After rejecting NFL, will San Diego subsidize soccer? – The San Diego Union-Tribune
In November, San Diego voters famously rejected a taxpayer subsidy to build a stadium for the Chargers, ushering the team to Los Angeles.
Now comes a group of wealthy investors with a concept to build a stadium for Major League Soccer and share it with San Diego State University’s Aztecs football team at the city-owned, 166-acre site of Qualcomm Stadium in Mission Valley.
Crucially, the group says it won’t demand a penny from the public. Sometimes there are good reasons to spend public money on private development, but only rarely, and voters are rightly wary.
In any case, I’m skeptical this lunch is truly free. We won’t know for sure until the details emerge, maybe as soon as this week.
In the meantime, let’s consider the concept.
Overall, it’s a serious proposal by serious people that plucks ideas from several older proposals. Still, the public could benefit from hard negotiation by SDSU and city officials, or even some healthy competition. The big mystery is whether taxpayers will get either.
The soccer group wants to build a park and stadium on just over half the site, and develop the rest. San Diego absolutely needs more housing and parks, while the city budget could use the $13 million a year or so it loses each year on the old stadium.
Mike Stone, the La Jolla investor leading the group, says it will offer to pay the city the “fair market value” of the site, as determined by a third party appraiser.
The offer would come as a ballot measure that also seeks permission to build a 55-acre park and develop housing, office and retail space eventually worth well north of $1 billion.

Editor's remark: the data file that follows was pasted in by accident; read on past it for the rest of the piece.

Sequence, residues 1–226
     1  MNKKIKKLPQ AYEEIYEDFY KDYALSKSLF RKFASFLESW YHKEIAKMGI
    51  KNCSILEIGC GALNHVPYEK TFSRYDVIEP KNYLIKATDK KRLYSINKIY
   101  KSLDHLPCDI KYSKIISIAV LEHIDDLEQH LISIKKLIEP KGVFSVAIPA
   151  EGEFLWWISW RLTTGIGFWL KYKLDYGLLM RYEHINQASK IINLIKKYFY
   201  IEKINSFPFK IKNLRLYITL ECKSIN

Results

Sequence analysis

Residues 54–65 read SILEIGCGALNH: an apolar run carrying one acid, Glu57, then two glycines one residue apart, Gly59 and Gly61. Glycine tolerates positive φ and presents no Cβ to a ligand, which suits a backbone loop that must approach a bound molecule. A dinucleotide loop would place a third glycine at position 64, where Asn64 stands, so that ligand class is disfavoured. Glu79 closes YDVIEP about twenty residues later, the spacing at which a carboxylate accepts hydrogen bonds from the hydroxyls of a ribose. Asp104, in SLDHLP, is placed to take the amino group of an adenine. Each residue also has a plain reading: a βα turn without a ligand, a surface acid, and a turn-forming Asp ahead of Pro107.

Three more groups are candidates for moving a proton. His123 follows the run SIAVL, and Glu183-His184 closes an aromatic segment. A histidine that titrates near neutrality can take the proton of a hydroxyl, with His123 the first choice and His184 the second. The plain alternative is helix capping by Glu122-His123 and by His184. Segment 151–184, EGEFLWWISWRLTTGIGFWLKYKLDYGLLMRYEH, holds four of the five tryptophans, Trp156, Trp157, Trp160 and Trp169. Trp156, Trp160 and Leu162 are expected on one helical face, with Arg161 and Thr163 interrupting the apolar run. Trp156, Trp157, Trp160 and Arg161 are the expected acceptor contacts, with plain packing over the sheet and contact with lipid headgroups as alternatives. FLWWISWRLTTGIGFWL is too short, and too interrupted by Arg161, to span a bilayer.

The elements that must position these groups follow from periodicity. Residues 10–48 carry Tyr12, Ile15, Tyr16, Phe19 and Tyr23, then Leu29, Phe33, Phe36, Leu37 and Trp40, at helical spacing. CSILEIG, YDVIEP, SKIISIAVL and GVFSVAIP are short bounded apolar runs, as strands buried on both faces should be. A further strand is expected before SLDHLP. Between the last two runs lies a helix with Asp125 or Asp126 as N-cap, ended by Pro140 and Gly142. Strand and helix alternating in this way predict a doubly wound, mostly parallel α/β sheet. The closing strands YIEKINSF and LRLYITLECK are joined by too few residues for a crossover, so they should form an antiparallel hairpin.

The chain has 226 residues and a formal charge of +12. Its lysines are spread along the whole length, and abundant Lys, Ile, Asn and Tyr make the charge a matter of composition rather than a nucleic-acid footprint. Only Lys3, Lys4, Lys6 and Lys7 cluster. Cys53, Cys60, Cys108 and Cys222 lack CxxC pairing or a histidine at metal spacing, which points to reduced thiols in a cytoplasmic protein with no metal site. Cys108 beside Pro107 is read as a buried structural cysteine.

The group would gather enough signatures to place the measure on the ballot, then ask the city council to approve the plan instead of the electorate. It’s a new tactic in California to rush developments past the ordinary approval process that takes years.
A key question is determining fair market value in the absence of a market. Stone seeks to pay the appraised worth of the site “as-is” — or lacking city entitlements to do anything but sit in a lawn chair and watch the Q crumble.
However, the same ballot measure that sets the price would simultaneously confer high-value development rights. This is a major wrinkle.
In 2015 the unentitled site’s value was estimated at no more than $50 million by experts hired by John Moores, the former Padres owner who backed Measure D, an unsuccessful ballot measure that sought to “prevent real-estate speculation” by anybody who bought the site.
Value sure to spark debate
At roughly the same time, the fully entitled value of buildable parcels was placed at $3 million an acre by different experts helping a stadium task force formed by Mayor Kevin Faulconer. Plug that number into the 75 acres Stone proposes to develop and you get $225 million.
Put simply, Stone may offer to pay the friendly, unentitled $50 million price for land that would be entitled in fact, and thus conceivably worth $225 million.